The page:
Can or Should College Basketball Save Itself?

Or, the better question, should it even try?

College basketball has become a joke and is a disgrace to the college and university system. Semi-pro athletes, taking space from actual students, use institutes of “higher education” as one-year stopping off grounds to prep for their anticipated professional careers, and there is no legal recourse that the schools have to directly stop that, but they could totally revolutionize the system with an end around, and make the NBA pay for player development, rather than getting it for free at the expense of private schools and taxpayers

as far as public schools are concerned.

But that will never happen because it would also mark the end of multi-million dollar broadcasting contracts, thousand dollar season ticket prices, and outrageous seat license fees that today all result in million dollar coach and athletic director salaries, and hundred million dollar on-campus arenas.
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At a time when seven, count them, seven, University of Kentucky players (No, not one of them is a “student-athlete”) including one junior, three sophomores and three freshmen have admitted that they are giving up their college careers for NBA riches (Hah!) and when three freshmen who this past season played basketball at (And went to class? Doubtful) for NCAA Champion Duke University, are most likely to follow suit, it is time to totally re-assess the concept and format of the sport as it currently exists at America’s institutes of higher learning.

Clearly, the schools have no legal right to restrict their enrollees from leaving school at any time to seek employment and thus they cannot force the NBA to change its procedures for accepting ex-students from applying for and being offered employment. Thus, the only way to change this outrageous system is to put a stop to the method through which it developed and by which it endures.

And that method is the dual set of admission standards in force at every school in the country that plays intercollegiate athletics. That is what has to end.

Potential professional basketball players - and this should apply to all sports, not just basketball - who have no desire to and/or who lack the requisite intelligence and dedication to attend and to excel in college, have no business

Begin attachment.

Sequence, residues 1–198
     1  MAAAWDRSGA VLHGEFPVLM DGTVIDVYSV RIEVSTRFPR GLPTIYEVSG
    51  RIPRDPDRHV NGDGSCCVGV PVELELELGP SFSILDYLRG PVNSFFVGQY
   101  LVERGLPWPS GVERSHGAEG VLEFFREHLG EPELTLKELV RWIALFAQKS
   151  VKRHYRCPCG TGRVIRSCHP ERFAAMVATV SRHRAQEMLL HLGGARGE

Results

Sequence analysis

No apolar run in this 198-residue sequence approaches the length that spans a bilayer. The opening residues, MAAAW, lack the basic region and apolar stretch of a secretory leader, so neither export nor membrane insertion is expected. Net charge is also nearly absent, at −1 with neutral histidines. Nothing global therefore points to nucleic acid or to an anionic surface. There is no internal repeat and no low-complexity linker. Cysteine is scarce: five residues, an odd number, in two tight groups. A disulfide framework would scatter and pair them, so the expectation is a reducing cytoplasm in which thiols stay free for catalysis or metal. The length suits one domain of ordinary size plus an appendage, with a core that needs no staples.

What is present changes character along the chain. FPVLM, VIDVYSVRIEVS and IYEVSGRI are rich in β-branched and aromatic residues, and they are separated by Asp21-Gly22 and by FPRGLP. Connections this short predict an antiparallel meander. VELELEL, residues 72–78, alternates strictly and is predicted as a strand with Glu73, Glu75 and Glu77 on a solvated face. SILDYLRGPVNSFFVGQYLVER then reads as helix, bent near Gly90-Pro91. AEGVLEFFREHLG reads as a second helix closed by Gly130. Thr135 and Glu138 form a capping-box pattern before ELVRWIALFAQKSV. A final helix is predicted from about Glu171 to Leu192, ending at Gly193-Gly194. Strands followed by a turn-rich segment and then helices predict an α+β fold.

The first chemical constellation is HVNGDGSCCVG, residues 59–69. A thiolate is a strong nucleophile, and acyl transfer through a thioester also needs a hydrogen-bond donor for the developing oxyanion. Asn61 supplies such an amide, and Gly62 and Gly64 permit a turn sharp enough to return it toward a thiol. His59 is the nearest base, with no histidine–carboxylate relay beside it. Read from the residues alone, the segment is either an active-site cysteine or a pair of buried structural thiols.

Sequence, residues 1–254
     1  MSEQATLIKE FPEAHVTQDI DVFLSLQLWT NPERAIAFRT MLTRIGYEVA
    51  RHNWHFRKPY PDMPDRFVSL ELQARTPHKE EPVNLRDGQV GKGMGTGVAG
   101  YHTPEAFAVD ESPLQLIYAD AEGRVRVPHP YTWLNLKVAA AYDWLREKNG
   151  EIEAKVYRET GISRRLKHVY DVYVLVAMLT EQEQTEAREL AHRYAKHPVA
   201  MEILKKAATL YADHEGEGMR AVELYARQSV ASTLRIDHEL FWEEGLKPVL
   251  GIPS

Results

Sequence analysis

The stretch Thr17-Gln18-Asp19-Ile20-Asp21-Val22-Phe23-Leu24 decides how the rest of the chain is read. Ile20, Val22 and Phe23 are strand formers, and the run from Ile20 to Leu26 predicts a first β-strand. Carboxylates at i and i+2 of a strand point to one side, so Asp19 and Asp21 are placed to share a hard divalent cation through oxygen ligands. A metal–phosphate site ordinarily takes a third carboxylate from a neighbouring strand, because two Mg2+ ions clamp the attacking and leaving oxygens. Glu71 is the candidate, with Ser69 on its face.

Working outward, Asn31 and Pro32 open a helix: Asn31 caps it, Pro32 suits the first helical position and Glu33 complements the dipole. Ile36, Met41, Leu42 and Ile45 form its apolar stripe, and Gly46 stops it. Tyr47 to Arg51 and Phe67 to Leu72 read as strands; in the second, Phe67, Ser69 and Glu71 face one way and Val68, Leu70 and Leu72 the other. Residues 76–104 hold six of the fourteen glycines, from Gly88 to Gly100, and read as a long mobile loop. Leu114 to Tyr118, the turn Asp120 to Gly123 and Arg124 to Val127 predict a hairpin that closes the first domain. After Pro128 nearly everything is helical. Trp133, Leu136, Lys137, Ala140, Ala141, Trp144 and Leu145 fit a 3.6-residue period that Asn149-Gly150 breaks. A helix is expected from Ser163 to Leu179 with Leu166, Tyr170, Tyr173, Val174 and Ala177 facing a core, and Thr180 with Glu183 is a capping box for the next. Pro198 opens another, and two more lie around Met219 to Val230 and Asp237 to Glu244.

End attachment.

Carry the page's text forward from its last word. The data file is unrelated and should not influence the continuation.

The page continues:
attending college, ever, and certainly not for that single one-and-done freshman year, or rather, freshman basketball season.

Solve the real, basic problem by requiring that all students seeking admission to any given college or university must meet the same admission standards as to grades, SAT, ACT, references and activities and give no special dispensation to any applicant, just because he (Or she) happens to be seven feet tall or can dribble behind their back. Return to the ideal of the real student-athlete, students first, athletes second; kids there to learn and prepare for life, not for the NBA. Let the NBA create a real minor league (none of that “Development League” phony crap), as baseball has historically had. Let the NBA pay to develop players and not swoop in and steal the benefits of that year or two of college experience, at no cost to them. The league and their billionaire owners can afford it, much more so than can the schools. The kids who enroll in colleges and universities, play ball for a year or two, and virtually never step foot in a classroom, do not belong there, period.

If you had not guessed, John Calipari has a new pack of one-and-dones lined up for his 2015-2016 Wildcats, and a bunch more on the way. Latest statistics show that minimums for “regular” students at the University of Kentucky are 490 on the SAT Critical Reading test and 500 on the SAT math test, which already are pretty darn low. I just wonder what Calipari’s latest group has scored on these? I just wonder.

It’s time to change all that.

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